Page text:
Showing posts from February, 2013

Lamenting a Noble Cause

Check out my column from last Monday, it begins: When "The Hobbit" came out in theaters, I decided to read the book instead of seeing the film adaptation. In fact, I decided to start with The Hobbit and continue on through The Lord of the Rings. As of this writing, I've completed The Hobbit and Books I through IV of the Rings. I am enjoying the books much more than I enjoyed the movies. The differences between the two are staggering. I highly recommend reading the books. They're much more colorful. The movies put me to sleep, originally. But what I really wanted to write about was a parallel I've noticed between Frodo's burden and my own.

Control is War

My column this week is on control and war, it begins : War is clearly destructive. Even war fought totally in self-defense is destructive; destructive to life, liberty, and property. Murray Rothbard wrote an excellent analysis of war titled "War, Peace, and the State". I highly recommend reading it. As a voluntaryist, I oppose war on philosophical, ethical, spiritual, and economic grounds. The question I'd like to examine here, however, is "when does war begin?" And I think the answer is "when you attempt to forcibly control someone else without their permission." If so, what are the implications of that?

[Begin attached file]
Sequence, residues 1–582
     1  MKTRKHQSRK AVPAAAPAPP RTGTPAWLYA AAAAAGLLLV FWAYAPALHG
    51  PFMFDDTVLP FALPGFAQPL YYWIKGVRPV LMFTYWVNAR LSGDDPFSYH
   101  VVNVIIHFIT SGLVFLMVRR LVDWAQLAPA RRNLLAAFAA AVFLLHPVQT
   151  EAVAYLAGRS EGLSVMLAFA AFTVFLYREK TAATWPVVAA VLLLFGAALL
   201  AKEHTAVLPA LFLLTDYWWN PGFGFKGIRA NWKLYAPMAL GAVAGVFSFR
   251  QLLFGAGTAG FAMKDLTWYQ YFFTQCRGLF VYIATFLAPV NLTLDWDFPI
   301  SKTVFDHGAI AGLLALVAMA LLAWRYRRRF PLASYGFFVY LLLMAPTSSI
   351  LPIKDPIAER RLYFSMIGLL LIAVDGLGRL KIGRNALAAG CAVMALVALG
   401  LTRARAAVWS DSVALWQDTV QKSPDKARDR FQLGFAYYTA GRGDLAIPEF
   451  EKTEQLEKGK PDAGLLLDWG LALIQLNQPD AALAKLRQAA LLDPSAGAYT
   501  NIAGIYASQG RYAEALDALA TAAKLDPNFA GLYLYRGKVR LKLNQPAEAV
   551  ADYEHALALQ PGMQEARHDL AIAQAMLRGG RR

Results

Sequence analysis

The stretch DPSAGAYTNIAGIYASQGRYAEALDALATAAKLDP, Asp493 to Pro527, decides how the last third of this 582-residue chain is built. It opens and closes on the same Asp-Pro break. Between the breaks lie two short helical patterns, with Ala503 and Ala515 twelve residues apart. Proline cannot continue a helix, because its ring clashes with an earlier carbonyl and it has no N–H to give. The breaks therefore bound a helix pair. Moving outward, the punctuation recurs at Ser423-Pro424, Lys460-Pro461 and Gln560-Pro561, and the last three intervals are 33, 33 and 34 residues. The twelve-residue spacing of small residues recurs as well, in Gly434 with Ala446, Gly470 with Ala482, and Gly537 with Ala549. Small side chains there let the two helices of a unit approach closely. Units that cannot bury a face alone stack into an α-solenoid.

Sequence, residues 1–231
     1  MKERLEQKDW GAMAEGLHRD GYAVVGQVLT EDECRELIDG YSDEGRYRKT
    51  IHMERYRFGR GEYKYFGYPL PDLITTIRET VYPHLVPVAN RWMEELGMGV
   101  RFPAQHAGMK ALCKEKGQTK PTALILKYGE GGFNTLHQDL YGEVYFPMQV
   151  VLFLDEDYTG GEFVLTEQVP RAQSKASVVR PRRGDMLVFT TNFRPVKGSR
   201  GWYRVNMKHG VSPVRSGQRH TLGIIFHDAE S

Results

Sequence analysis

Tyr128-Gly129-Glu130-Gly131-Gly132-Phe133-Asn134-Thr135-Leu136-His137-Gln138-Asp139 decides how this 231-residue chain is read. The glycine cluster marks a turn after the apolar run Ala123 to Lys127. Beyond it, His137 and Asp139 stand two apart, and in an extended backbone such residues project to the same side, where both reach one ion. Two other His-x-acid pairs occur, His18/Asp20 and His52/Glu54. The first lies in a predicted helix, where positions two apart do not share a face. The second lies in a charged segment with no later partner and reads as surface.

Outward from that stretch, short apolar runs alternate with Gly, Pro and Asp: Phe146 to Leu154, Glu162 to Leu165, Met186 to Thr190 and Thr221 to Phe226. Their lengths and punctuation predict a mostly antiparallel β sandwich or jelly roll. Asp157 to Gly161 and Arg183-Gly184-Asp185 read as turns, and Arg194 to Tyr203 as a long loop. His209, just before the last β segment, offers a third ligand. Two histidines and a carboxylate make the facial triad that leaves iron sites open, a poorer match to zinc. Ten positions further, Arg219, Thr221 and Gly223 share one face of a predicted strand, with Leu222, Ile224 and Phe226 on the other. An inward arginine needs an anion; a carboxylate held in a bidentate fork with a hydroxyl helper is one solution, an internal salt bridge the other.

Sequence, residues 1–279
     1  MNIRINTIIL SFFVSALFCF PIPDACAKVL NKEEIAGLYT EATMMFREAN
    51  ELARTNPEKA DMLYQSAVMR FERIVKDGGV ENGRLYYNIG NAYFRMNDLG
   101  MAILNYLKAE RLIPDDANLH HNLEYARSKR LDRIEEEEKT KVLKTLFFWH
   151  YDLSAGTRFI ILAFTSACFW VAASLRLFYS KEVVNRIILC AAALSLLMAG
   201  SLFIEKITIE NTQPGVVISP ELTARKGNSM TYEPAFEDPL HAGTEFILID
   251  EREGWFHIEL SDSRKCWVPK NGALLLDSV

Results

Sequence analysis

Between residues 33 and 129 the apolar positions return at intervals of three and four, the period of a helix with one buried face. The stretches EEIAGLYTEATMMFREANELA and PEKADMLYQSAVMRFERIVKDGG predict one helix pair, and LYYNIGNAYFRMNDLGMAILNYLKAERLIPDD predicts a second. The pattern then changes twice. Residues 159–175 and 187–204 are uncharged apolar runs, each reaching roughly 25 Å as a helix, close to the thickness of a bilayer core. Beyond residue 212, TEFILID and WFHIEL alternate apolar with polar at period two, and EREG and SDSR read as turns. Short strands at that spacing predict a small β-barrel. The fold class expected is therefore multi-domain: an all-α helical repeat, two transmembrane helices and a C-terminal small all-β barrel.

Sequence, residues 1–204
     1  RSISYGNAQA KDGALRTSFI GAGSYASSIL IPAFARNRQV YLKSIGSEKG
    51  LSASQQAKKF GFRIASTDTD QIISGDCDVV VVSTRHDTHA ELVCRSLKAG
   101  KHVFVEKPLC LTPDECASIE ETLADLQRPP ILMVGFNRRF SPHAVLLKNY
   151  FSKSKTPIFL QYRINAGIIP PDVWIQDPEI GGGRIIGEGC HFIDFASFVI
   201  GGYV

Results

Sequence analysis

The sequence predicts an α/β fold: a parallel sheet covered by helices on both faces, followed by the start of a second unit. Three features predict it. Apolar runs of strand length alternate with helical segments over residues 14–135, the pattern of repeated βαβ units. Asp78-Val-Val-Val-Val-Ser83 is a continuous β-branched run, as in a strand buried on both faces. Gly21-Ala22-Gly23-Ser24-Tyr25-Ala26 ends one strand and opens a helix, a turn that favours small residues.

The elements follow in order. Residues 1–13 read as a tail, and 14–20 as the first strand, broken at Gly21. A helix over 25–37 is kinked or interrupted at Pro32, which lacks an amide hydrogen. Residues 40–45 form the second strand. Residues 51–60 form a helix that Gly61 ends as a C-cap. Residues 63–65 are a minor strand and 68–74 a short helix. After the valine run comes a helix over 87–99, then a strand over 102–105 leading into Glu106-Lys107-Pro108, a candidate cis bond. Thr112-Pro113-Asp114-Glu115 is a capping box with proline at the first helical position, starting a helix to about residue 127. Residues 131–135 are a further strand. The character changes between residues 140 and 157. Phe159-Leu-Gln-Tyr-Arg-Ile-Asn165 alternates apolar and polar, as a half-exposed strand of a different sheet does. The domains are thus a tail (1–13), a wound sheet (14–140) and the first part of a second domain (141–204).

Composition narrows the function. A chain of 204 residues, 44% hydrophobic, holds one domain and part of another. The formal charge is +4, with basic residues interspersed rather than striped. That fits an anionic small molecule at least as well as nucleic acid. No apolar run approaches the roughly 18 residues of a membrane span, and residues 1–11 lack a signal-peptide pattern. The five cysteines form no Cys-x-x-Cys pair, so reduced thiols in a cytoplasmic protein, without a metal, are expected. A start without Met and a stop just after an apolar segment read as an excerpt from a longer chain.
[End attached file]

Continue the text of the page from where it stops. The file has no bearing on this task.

The Importance of Discovery

My latest column . It begins: What would life be like without discovery? From the moment we are born, discovery plays a vital role in our development as human beings. We discover our limbs and how they function. We discover our strength and how to wield it. We discover movement, communication, and relationships. I firmly believe that discovery is as important to our survival as is food, water, and protection from the elements. As we age, if we are not continually engaged in discovery, how happy can we really be? How content can we be in life?

LPL - January 2013 Update

As of the end of January 2013, 135 libertarian and economics books have been made available in large print at . LPL ended the month of December 2012 with 133 offerings. Through the end of January, 400 books sold in the US, Europe, and Great Britain. Murray Rothbard's  For a New Liberty   sold the most at 82 copies; followed by Albert Jay Nock's  Our Enemy, the State  at 35 copies, and Carl Menger's Principles of Economics  at 30 copies. Of the 400 books that have sold, 313 copies went to the US (dollars), 35 copies went to Great Britain (pounds), and 52 copies went to mainland Europe (euros, my best month for euros). My progress on the Journal of Libertarian Studies continues (slowly at the moment). I've made available 11 volumes in large print. I will not be making available regular print as per the agreement with my printer.